THE EDGE OF DOOM
The 13th Kate Fansler novel, following Honest Doubt (2000), takes an inward and somewhat less satisfying turn to focus on Kate herself. Previous outings featured crimes committed in or related to academic institutions, but this time a family matter kicks off the story—a stranger has approached Kate's pompous oldest brother, Laurence, claiming to be Kate's biological father. DNA analysis removes one kind of uncertainty about the relationship between Kate and Jason "Jay" Ebenezer Smith, but other kinds crop up when Jay disappears. Kate's lawyer husband, Reed, unearths more evidence of Jay's past under a different name than "Smith," and different versions of a story about art theft lurking in his background get bandied about. "Not much action in this play," Kate thinks to herself after an unsatisfactory verbal exchange, a comment that could apply as well to this novel. Similarly, in contrast to most crime fiction, there's hardly any description of the main settings (apartments, offices and restaurants in Manhattan), perhaps an intentional illustration of Kate's self-analysis about her lack of visual awareness of people and places. Without the thrills and excitement normally encountered in a mystery, the reader is left with the literary wit and classy conversation for which Cross is best known. For many, that's reason enough to celebrate. (Nov. 1)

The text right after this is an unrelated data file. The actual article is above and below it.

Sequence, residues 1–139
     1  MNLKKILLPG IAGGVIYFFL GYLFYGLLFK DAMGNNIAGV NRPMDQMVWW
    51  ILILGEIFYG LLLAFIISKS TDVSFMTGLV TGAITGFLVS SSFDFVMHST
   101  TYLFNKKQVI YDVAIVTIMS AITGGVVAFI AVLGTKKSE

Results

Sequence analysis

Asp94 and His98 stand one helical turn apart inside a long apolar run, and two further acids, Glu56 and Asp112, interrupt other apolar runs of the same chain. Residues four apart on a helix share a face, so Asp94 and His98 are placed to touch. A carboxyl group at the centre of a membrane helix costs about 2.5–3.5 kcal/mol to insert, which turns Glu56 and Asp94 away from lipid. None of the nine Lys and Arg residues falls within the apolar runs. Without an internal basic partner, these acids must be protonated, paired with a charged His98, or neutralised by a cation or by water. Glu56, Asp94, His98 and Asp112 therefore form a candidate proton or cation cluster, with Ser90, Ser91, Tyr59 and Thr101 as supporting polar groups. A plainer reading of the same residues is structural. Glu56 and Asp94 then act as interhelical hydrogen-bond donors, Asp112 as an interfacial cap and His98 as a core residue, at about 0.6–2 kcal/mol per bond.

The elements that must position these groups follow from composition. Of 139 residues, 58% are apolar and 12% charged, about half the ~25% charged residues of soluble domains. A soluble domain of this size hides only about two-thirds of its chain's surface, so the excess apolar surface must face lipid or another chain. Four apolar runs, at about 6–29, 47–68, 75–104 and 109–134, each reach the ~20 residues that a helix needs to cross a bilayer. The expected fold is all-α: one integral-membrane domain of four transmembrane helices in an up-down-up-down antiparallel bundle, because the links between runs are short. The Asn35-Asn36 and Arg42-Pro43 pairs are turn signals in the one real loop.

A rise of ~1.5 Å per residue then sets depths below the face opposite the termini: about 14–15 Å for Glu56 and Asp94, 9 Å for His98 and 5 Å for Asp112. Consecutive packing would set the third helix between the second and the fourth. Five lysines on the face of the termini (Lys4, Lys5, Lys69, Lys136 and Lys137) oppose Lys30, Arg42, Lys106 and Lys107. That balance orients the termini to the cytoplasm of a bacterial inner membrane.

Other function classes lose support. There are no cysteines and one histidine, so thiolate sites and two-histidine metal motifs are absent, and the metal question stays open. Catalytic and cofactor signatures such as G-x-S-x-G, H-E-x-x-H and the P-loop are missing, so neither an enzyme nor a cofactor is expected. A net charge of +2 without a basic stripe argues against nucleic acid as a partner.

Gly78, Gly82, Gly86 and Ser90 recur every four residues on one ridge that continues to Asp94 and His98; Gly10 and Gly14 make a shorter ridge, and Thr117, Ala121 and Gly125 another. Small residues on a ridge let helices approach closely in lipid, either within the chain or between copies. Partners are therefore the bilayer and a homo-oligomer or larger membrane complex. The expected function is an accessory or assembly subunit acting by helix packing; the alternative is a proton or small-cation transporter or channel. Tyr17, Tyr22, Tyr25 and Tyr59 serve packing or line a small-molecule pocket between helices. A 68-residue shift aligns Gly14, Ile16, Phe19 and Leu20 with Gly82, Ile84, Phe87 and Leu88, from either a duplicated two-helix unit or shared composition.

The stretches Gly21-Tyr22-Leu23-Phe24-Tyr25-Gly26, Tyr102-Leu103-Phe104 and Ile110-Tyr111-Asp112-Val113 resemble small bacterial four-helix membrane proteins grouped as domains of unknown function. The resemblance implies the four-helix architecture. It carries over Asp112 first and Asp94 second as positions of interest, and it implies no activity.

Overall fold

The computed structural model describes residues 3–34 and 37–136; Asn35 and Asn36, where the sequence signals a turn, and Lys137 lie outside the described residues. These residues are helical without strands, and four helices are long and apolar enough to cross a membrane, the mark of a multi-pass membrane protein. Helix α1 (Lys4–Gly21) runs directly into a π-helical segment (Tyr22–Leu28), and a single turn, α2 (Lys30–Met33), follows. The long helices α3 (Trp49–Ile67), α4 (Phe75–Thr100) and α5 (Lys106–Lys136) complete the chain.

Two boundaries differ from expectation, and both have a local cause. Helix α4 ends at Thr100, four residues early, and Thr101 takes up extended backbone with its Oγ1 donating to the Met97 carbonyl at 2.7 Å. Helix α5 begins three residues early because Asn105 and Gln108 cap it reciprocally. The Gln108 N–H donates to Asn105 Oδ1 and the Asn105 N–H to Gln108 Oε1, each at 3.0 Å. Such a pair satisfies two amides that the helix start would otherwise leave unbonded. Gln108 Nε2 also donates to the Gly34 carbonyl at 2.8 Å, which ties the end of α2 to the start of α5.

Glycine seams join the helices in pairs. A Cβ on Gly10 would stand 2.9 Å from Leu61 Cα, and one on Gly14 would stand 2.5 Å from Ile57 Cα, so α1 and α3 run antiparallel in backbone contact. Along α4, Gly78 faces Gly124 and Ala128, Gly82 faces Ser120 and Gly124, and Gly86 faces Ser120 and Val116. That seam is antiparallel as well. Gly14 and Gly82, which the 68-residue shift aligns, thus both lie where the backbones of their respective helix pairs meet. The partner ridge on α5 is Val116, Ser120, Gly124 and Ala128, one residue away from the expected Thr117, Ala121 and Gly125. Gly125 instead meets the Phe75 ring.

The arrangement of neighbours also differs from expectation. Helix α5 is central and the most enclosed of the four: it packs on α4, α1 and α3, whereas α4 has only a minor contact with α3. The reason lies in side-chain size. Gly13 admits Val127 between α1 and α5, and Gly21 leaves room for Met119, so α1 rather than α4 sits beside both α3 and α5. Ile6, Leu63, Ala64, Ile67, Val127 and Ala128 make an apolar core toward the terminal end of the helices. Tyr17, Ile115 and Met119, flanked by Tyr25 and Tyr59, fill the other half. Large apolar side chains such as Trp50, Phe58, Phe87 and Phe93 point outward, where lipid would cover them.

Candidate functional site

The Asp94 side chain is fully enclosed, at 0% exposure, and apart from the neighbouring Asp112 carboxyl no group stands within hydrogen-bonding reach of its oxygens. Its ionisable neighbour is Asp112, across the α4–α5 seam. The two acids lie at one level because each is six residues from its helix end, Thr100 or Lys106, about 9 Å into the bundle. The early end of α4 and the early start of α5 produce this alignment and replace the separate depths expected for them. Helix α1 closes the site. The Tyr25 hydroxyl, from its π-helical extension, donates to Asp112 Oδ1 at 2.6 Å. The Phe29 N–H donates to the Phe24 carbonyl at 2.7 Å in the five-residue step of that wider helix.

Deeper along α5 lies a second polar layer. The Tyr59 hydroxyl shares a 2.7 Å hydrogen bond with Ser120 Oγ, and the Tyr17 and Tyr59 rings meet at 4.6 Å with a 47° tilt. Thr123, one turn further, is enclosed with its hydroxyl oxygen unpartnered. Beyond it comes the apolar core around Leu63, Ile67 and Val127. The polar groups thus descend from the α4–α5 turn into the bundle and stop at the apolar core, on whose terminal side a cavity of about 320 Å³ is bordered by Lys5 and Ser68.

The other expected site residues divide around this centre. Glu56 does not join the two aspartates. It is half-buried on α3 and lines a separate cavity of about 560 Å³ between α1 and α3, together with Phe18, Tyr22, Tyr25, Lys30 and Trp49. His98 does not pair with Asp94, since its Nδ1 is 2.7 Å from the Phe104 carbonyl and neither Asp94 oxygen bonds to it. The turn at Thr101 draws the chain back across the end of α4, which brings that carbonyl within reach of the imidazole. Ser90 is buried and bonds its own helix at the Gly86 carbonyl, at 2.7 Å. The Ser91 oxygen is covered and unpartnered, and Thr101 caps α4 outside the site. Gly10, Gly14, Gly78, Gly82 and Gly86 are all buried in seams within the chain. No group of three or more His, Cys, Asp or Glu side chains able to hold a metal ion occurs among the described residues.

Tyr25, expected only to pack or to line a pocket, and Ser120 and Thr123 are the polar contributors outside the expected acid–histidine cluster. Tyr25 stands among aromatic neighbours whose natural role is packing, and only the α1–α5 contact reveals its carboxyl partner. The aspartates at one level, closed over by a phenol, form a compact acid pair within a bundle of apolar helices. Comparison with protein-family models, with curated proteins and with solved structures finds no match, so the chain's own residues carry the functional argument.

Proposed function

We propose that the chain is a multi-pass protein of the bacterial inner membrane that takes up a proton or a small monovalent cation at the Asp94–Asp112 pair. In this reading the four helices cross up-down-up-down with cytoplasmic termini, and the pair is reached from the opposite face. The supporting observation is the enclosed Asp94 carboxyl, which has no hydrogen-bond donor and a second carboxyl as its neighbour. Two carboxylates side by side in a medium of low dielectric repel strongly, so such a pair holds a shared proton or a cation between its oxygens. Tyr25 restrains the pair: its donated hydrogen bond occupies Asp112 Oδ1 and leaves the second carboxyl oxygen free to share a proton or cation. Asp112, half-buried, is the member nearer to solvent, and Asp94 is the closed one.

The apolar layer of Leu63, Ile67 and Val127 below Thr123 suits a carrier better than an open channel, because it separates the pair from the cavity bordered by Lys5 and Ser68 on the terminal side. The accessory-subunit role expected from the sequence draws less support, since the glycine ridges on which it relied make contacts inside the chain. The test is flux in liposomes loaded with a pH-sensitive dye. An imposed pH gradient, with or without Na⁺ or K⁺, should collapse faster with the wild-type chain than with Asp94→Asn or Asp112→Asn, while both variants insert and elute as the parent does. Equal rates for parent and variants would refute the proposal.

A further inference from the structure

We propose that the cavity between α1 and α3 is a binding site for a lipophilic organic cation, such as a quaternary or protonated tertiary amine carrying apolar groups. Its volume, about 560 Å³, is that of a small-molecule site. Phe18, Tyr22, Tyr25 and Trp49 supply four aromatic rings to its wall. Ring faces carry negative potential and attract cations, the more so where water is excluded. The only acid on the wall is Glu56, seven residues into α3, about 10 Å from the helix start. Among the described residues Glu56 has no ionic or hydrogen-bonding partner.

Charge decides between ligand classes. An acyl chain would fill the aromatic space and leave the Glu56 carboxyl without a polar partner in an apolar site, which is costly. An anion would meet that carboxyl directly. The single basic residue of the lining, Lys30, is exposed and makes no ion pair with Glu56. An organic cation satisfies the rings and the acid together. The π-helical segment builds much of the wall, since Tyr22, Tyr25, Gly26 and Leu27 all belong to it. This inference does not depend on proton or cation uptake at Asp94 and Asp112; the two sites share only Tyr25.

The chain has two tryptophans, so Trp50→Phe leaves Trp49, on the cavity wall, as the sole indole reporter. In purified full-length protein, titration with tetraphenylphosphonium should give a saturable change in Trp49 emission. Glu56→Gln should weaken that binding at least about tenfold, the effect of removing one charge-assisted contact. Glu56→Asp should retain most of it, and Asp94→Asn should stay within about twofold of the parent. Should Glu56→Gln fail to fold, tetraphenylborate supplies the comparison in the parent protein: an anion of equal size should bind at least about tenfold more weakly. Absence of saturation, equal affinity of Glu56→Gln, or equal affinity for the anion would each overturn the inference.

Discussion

FYI:Amanda Cross is the pseudonym of Carolyn G. Heilbrun, author of Writing a Woman's Life (1988) and other feminist works.
Release date: 10/01/2002